One of the most popular questions we’ve had lately is why “Two Sparrows Farm?” Names can be saturated with meaning and value…or, they can simply be just a name. As it turns out, naming a farm is a lot harder than it seems.
To begin this saga, I’ll have to recount our journey into the world of farm nomenclature. When we first set out to find our dream farm, we started to take note of what other farms were called. Some bore the normal run-of-the-mill family names: Johnson Family Farm, Jones Dairy, Jon Doe and Sons, and the usual list of uncreative farm names that rang of boredom and monotony. Generally, these farms were typical conventional farms – corn, soybeans, bankruptcy signs and the like. Clearly, we needed a name that set us apart.
Other farms, we noticed, have a way of naming themselves. A farm on the banks of the Duck Creek dubbed “Duck Creek Farm” just made sense. Or another farm named “Broken Oak Farm” after a large Oak tree that split in an ice storm. These names were descriptive and fitting, but our farm had no real defining physical feature to be named after.
We realized we needed to start thinking outside of the box, so we began to brainstorm names that espoused our production practices. We searched for a name that encompassed our farming techniques (sustainable, natural, eco-friendly, and humane), but soon found that this would lump us in with the “hippy-crunchy-granola” farms as I call them – with names like “Tree-Hugger Farms” and “Planet-Saver Organic Produce.” And while we shared our common chemical-free practices with these Bohemian farms, somehow we lacked that shower-free appearance. Naturally, we decided to look elsewhere for a name.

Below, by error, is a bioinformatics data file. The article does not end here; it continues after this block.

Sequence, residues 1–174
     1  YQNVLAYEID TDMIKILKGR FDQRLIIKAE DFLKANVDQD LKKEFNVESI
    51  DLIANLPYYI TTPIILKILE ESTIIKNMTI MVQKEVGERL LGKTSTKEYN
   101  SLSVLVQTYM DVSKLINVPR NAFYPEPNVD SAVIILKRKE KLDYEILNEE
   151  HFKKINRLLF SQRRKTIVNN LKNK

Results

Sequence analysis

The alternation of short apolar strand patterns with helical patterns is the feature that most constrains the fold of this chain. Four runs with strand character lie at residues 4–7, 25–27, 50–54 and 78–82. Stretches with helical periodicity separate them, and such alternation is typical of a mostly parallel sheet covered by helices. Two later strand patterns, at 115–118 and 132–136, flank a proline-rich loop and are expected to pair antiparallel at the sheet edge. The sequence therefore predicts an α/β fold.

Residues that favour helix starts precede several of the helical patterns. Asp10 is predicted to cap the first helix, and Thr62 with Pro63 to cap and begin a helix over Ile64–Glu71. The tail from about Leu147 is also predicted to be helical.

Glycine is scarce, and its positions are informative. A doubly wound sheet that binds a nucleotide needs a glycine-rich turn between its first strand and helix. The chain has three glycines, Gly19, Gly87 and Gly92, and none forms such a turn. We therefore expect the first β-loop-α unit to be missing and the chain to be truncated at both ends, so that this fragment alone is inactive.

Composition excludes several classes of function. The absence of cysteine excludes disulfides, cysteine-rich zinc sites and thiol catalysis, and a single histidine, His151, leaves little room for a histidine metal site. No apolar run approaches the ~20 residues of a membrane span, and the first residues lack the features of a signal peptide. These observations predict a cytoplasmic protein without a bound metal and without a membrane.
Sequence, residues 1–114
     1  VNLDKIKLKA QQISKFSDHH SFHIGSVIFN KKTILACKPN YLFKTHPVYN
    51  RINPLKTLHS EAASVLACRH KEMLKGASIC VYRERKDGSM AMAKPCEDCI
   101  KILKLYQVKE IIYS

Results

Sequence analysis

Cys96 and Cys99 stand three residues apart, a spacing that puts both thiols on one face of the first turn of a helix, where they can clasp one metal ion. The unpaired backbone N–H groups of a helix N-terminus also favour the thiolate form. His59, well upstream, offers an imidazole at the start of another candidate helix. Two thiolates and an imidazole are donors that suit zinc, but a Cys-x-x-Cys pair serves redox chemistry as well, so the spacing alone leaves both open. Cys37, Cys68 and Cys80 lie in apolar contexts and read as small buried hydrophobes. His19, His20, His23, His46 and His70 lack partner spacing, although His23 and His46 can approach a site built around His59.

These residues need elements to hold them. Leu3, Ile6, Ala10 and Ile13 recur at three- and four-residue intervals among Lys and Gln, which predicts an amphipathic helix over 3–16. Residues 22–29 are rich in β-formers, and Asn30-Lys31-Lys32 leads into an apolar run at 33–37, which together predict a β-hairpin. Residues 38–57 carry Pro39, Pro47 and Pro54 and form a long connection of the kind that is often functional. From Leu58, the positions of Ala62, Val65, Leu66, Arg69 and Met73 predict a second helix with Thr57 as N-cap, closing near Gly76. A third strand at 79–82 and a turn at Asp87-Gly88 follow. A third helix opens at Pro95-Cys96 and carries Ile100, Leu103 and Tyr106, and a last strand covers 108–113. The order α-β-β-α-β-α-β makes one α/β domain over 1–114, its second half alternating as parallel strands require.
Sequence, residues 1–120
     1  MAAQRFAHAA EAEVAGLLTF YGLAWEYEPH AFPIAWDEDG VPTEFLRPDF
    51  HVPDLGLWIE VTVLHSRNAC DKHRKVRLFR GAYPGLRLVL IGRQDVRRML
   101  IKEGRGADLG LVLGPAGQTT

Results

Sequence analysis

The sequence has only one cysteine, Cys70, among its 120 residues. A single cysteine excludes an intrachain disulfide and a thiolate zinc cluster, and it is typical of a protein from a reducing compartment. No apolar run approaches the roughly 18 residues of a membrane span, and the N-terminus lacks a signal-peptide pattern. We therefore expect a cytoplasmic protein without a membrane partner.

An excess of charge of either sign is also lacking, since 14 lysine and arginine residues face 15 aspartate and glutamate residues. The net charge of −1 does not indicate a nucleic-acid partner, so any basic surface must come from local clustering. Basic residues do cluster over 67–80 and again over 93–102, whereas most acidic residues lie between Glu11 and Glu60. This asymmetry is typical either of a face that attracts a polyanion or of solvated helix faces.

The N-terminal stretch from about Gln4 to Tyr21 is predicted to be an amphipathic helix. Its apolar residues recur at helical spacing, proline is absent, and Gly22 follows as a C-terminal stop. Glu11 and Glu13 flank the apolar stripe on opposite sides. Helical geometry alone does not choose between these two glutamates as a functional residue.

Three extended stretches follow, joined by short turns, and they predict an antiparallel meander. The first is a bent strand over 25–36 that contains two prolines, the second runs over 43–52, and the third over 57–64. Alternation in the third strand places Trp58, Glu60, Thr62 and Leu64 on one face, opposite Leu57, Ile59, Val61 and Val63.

Finally, after ruling out so many names and farm cliques that we didn’t fit in with, we began to ask – What is this farm to us? It is our life, our home, our business, our joy, our sorrow, our prayer. Now we were on to something. We needed a name that described who we are and what this farm is. This farm is our prayer – it is our prayer because we rely on it, are dependent on it, and place our hope in God to deliver it. With this realization, the name came: Two Sparrows Farm. That was it.
It was obvious to me, really. I have always struggled with trusting in God, and being a nature lover I have always taken comfort in the passage from Matthew’s Gospel that reads, “Are not two sparrows sold for a penny? Yet not one of them will fall to the ground without your Father’s consent… So do not be afraid, you are worth more than many sparrows.” (Mt 10:29-31)
So here we are, lowly and common like the sparrow, but unafraid as we trust in God’s great care to watch over and protect us as we start this endeavor. Just as God feeds the birds of the air (Mt 6:26), we know that He will feed us the Bread of Life as we forsake societal pressure to seek wealth and comfort and instead opt for the life of humble farmers; where we work by the sweat of our brow (Gn 3:19) and trust in God’s Divine Providence for our livelihood. What better way to name our farm than to give it a name that challenges us and reminds us to trust in Him always.